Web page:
Drum Racks work great in Ableton Live. They are simple and easy to set up to build a quick set of drum sounds. But what if you want to start layering similar samples together. I’ll show you how you can build up a Drum Rack with layered samples, but the Drum Rack will still retain its simplicity. I’ll be using Ableton Drum Racks and the Chain feature. Let’s dive in and see how this is done.
Ableton’s Drum Racks work well when building up a simple drum kit, but you can reach its limitations when you start adding multiple layers such as 3 kicks, and 4 snares, and so on. This is where the Chain feature comes in handy. First decide on the drum samples you want to use. Choose a different variety of samples relating to a specific drum sound, so for the kick make a selection of 3-4 kick sounds that will compliment each other. Go through and pick your other samples that you want to use.
Now create a Drum Rack (Instruments > Drum Rack). Drag the Drum Rack item onto one of your MIDI tracks. Now drag one of each of your drum selections on each of the drum pads. I will be using the following types of drum sounds: Kick, Snare, HH, OH. I’m keeping it simple.
The pads will be named by the name of the sample when you drag it onto a drum pad. Rename these pads. To do this select the drum pad, and use Command-R to rename them. I have my Kicks on C1, the Snares on D1, Closed Hats on F#1 and my Open Hats on G#1.
Use Command-R to rename your Drum Pads.
With the Drum Racks, you can build up a rack with 16 pads in each Pads overview section, which gives you a total of 128 pad choices. But I want to avoid this clutter, which is the reason for building up a layered Drum Rack.
The trick is to use samples that compliment each other. On the Kick, I have a ‘subby’ low kick, a kick with a nice ‘clicky’ beater sound to add some more high end, and then another kick that fills out the mid range between the two. The goal with layering samples is to build up a more coherent sound from the initial samples. Keep this in mind when choosing your samples.
Next onto the chains.
Let’s create a chain for the Kick section first. Right-click on the header of the click sample and select Group. This will create an Instrument Rack.
Rename this Instrument rack to Kick. Click on the Show/Hide Chain button to show the chain. You will see the Kick sample these. Now drag in your other kick samples. You’ve built up your first multi-sampled kick in Ableton.
Now create Groups for the SNARE, HH, and OH drums. Make sure to rename the Instrument Racks accordingly so that it doesn’t get confusing to you later.
The beauty of this is that you can adjust the volume of each sample on each chain to your liking, and individual processing can be applied to each chain. Or you can apply processing to the overall Instrument Rack.
For example, I have slightly compressed each kick sample and have added an EQ Eight to each one. You can use the EQs to get the samples to gel together better. Boost frequency ranges on some samples, while attenuating frequency areas on the other samples so they sit together better.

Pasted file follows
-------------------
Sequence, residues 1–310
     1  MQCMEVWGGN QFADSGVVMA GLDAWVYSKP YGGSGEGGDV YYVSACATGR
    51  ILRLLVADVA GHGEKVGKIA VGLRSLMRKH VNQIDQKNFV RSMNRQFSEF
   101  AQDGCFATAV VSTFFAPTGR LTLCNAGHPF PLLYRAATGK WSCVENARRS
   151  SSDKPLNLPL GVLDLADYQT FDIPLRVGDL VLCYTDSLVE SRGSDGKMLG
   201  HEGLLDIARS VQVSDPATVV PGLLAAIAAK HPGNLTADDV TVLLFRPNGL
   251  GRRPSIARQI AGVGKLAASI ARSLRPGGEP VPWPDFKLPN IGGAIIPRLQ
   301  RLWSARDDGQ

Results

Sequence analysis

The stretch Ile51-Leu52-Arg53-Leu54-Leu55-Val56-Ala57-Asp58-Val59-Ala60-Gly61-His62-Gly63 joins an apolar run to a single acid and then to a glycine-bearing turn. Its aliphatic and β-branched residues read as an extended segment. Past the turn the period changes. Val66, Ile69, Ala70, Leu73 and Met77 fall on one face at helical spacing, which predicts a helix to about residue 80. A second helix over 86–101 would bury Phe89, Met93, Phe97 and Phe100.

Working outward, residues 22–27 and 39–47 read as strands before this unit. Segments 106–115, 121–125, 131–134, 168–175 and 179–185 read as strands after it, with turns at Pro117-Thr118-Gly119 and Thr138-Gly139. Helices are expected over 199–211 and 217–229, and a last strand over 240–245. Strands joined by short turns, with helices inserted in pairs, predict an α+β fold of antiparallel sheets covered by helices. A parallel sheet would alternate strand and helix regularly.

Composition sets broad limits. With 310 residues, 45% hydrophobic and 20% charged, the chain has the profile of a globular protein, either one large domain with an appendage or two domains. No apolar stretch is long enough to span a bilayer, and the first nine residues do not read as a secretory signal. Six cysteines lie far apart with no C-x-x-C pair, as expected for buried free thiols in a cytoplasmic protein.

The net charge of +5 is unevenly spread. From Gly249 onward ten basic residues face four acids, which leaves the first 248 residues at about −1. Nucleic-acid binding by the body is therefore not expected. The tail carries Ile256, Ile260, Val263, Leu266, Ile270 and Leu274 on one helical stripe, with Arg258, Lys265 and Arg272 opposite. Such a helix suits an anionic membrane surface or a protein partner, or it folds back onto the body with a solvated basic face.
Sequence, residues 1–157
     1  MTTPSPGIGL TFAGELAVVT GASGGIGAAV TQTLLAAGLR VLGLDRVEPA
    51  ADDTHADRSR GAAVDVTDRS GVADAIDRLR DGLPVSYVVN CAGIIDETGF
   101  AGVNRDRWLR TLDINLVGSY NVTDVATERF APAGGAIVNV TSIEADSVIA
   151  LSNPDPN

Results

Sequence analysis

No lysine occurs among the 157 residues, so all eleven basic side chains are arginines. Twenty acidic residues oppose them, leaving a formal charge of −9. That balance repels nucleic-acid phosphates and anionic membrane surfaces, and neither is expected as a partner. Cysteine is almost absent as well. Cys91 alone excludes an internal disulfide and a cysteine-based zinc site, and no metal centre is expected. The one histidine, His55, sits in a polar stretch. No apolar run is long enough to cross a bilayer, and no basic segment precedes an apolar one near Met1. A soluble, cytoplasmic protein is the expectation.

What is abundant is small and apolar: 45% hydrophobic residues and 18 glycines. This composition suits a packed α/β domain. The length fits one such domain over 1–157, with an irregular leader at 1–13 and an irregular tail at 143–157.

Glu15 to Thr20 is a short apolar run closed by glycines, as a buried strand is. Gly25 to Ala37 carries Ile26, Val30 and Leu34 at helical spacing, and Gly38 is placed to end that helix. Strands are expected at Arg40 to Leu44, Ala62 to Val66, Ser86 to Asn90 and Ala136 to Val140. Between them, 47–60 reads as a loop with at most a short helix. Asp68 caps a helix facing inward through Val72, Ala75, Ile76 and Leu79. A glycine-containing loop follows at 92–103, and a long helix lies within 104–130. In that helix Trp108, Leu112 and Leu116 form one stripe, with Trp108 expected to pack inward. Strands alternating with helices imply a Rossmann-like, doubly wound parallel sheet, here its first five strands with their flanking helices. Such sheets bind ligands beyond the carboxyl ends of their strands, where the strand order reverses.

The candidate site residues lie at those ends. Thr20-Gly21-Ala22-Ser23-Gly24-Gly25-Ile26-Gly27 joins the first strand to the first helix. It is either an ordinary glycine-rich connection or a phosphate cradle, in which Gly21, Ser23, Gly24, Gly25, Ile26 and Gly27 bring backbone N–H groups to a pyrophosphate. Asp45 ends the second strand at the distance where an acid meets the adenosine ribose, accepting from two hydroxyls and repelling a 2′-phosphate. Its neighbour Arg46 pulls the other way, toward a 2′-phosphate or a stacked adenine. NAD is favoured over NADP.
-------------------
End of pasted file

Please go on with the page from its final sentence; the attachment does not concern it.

On the SNARE Group, I have done the same thing. I have added a compressor to each chain and have then applied an EQ. You can also pan the samples to different areas on the stereo field to add some width and differentiation.
On the HH and OH hats chains, I have added an EQ Eight and have cut out any low end up to about 500hz on the chains.
To the Drums Instrument Rack I have added the Glue Compressor to add an overall compression to the samples. This will further ‘glue’ the elements together. I have used the ‘full parallel compression’ preset. This adds some parallel drum processing to the Drum Instrument Rack. I can use the Dry/Wet parameter to dial in more compression if I want a heavier processed effect on the drums.
Another thing to do is to set up the Choke so that when the Open Hats are played, it chokes the Closed Hats, and visa versa. Go back to the Drum Rack and Show the Chains on the Rack. There should be KICK, SNARE, HH, and OH. Click on the Input/Output button to show the Choke parameter. Set the HH and OH choke both to 1. So either the HH or OH will play, they won’t play at the same time.
Now onto the Macros, these are a great way to adjust each drum chain. Click on the Macro button to show the Macros on the Drum Rack. Now click on the Map button to enable Map Mode. Click on the Volume of the Kick Chain in the Drum Rack and Map this to Macro one by clicking Map under it. Now the Volume of the KICK Chain is set to Macro One. I can rename this macro to KICK so that I know what it’s assigned to. Assign the SNARE, HH, and OH to the macros as well. Now you can easy make volume adjusts to these elements, and you could even map the macros to a MIDI controller so that you can control the volumes externally. You can hide everything on the Drum Rack except for the Macros to simplify the look of the Drum Rack.
You can also go in and map others parameters if you wish. I have also mapped the pans of the SNARE, HH and OH to macros. I didn’t map the KICK pan as this will sit in the center. You can view all your macros in the Macro Mappings.
I have color-coded the volumes from the pans so that I know the difference between the two. Just right-click a macro to bring up the color palette. I have made the drum volumes green, and the pans red.
That’s how to set up a layered drum kit in Ableton by making use of the Drum Racks and the Chain feature. This is less cluttered than adding all the samples to the Drum Rack pads. Just make sure that you rename everything correctly as it can get quite confusing with all the groups and chains. This keeps your productions neat and tidy even though you can have a multi-layered drum rack with tons of different samples.
Take a look at the following tutorials to get further tips and techniques with Ableton: